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Early Stages

From “Why Children’s Theater Matters” by Danielle Wood of

Want to boost literacy? Teach your child to imagine the unimaginable? Cultivate curiosity? Get thee to the theater, and bring your kids.

The children’s theater movement is led by Europe, but the US is not far behind. And we’re not just talking about the bustling theater town of New York. The third largest children’s theater in the world is tucked away in Minneapolis, Minnesota. Other mid-sized cities from Dallas, to Tempe, to Nashville, are also cooking up kids? fare in full-time children venues. [...]

No one would argue the importance of literacy or fractions, but study after study has shown that the arts are more than fluff. Longitudinal data of 25,000 students involved in the arts, conducted at UCLA’s Graduate School of Education by Dr. James Catterall, shows that consistent participation greatly improves academic performance and significantly bumps up standardized test scores. Students who make time for the arts are also more involved in community service, and less likely to drop out of school.

Wood goes on to explain that while live performances “work to jumpstart the imagination, they also lengthen the attention span,” plus “there’s a better chance that your child will develop creative gifts.” Some young students are energized by solving equations and some by painting portraits. For the latter, the traditional academic classroom may be the antithesis of a creative space — and that is why theater, music, and arts education are so critical. Education works best when everyone is engaged in a meaningful way. And education through performance can, in essence, offer new and diverse paths to that engagement.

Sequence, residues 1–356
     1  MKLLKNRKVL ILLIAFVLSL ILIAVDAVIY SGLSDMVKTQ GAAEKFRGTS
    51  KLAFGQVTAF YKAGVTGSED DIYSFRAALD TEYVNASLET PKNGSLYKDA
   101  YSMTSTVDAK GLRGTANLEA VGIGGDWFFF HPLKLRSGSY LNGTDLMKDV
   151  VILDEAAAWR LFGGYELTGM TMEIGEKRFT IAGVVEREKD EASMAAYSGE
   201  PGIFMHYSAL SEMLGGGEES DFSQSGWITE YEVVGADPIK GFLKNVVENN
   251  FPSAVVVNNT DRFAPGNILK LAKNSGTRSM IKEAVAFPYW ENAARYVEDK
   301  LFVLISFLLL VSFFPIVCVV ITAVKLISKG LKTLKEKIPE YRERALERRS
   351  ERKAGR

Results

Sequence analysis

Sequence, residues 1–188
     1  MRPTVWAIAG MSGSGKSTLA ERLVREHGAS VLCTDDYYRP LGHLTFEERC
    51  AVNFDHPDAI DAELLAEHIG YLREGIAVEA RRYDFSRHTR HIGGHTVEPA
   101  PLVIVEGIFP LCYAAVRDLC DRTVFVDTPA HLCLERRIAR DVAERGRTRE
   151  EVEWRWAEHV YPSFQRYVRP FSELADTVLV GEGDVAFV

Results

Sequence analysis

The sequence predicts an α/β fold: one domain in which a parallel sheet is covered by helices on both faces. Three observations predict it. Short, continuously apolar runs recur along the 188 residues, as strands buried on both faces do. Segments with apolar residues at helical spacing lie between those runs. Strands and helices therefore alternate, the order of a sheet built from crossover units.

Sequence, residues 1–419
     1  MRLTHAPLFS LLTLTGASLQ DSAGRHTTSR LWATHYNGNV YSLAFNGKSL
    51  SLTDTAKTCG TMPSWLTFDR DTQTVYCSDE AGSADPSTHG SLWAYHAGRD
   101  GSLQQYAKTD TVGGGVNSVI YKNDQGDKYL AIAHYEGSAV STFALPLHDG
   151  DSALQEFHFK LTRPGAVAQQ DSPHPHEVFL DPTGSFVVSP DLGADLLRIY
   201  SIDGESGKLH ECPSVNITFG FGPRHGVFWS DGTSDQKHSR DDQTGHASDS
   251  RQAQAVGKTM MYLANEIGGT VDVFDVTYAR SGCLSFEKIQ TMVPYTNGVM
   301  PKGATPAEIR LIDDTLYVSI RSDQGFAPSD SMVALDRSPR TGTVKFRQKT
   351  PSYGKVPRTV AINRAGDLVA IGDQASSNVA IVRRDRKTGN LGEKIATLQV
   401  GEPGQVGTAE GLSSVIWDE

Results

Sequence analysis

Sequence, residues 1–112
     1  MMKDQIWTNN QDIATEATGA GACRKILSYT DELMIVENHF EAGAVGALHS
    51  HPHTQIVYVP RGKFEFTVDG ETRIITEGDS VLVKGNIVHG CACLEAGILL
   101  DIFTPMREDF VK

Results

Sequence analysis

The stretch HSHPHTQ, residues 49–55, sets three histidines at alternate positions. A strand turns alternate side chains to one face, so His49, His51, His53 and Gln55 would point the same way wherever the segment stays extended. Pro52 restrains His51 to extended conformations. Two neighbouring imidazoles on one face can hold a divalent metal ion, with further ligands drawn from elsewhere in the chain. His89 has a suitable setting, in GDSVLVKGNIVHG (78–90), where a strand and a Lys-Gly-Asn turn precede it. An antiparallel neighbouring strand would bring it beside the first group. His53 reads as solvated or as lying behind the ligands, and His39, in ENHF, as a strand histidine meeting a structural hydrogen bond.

Moreover, a performance can communicate any number of lessons without actually feeling like a lesson. Plays written for children often feature dilemmas familiar to them: telling the truth, making new friends, feeling confident. But it goes beyond that. Through theater, children and adults alike unconsciously start thinking about how to tell stories and formulate opinions about them. Even the youngest audience members know what they like, what they don’t like; they have favorite characters and least favorite scenes; they can fill in character backgrounds and imagine what happens next. Through live arts, they can become more active observers, increasingly more critical thinkers.

Finally, plays and concerts and dance classes are about being active and getting messy, about having fun and sharing an experience. And that experience can be had at any age. And here in DC, we are lucky to have an array of children’s theatres: Catalogue non-profits Adventure Theatre and Synetic Theater’s family programming, along with Imagination Stage, Discovery Theatre, and the Kennedy Center’s Theater for the Young Audience.

So let us know, what is your first theater memory?

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